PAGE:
After a week of getting to know my students’ personalities, I developed cross-curricular projects that would excite them. My first persuasive writing assignment for the 6th graders was a mock-fundraising letter campaign. Each student devised a plan to raise money to help the poor or the sick. For example, Kishore wanted help getting elected onto the Supreme Court so he could stop child trafficking. I was blown away by their compassion for others and determination to pursue such socially conscious dreams. I realized that my students had overcome more in half my lifetime than I will ever face. I loved teaching because I could see them making connections. Their is a beauty to the reciprocal relationship of teaching and learning. Reciprocity is now a quality I strive for in all my actions.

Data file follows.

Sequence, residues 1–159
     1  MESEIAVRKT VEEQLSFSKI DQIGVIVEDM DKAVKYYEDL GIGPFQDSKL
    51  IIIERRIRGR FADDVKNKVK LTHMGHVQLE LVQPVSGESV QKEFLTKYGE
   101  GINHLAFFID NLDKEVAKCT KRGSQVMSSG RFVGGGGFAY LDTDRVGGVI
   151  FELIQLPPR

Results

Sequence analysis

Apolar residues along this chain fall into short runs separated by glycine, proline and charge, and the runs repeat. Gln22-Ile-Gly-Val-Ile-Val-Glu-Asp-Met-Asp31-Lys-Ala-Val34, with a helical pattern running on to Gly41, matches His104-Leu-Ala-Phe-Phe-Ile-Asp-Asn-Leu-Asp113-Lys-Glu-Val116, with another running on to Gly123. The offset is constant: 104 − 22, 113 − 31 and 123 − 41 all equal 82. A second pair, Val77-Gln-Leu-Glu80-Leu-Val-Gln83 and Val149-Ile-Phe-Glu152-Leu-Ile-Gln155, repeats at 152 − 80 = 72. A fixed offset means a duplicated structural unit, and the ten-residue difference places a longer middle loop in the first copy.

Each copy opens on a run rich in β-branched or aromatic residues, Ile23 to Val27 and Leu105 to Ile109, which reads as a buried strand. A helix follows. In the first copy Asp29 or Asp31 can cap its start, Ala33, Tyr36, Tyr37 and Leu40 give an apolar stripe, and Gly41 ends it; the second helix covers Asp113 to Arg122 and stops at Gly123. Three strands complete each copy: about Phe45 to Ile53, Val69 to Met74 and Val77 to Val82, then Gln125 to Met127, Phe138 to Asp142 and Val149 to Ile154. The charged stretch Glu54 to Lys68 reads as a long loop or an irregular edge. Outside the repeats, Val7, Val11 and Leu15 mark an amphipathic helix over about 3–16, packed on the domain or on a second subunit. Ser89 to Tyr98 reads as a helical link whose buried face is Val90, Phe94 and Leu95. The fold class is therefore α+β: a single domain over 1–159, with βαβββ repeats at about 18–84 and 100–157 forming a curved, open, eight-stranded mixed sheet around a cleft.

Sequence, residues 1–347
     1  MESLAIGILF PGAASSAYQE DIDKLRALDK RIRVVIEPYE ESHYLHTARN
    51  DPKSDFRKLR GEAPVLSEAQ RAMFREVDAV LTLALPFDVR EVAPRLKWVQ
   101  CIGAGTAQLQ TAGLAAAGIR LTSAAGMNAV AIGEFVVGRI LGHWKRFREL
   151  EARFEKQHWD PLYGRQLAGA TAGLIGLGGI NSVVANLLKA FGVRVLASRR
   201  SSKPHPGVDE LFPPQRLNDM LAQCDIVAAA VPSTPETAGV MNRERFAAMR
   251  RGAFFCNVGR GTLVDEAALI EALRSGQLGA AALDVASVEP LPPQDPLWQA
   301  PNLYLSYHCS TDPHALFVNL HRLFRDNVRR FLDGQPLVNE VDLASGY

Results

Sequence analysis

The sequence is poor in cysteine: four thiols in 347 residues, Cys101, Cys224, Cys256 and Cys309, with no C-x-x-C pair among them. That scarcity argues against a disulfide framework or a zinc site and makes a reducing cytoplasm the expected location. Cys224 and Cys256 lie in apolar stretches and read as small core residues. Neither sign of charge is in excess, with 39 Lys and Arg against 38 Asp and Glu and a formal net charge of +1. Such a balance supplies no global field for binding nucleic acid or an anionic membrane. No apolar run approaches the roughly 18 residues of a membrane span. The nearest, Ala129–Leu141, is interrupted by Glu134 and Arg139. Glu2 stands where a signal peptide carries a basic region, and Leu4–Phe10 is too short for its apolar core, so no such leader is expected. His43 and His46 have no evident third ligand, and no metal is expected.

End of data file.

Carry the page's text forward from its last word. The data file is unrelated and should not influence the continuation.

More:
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After witnessing extreme poverty that summer, and discussing oppression in an academic setting as a Women and Gender Studies major, I developed distrust for organizations with power. In order to overcome this, I sought to spend my following summer discovering the beneficial role that businesses can play in social and environmental change. I spent my summer living in Chapel Hill and sustaining HOPE Gardens while interning in Raleigh at Cherokee Investment Partners, an environmental private equity firm founded by a Morehead alum. Cherokee proved to me that business can do good and informed me that making profit is not a bad thing. I began to see business as a productive model for social change and to more actively question my assumptions about business, entrepreneurship and non-profits. As an intern I got to participate in way more than I would have imagined. Most of my time was spent working on research for an individual’s project. I learned an incredible amount about the Solar Renewable Energy program in Massachusetts in order to create a brief report to present to the head-bosses before they made an investment decision. I got to conduct an internal audit of the Environmental Management System which will be used when the auditor comes to Cherokee. Working for Cherokee was one of the best life learning opportunities, the work was so drastically different from anything I have done before but thanks to the supportive staff, I never felt at a disadvantage.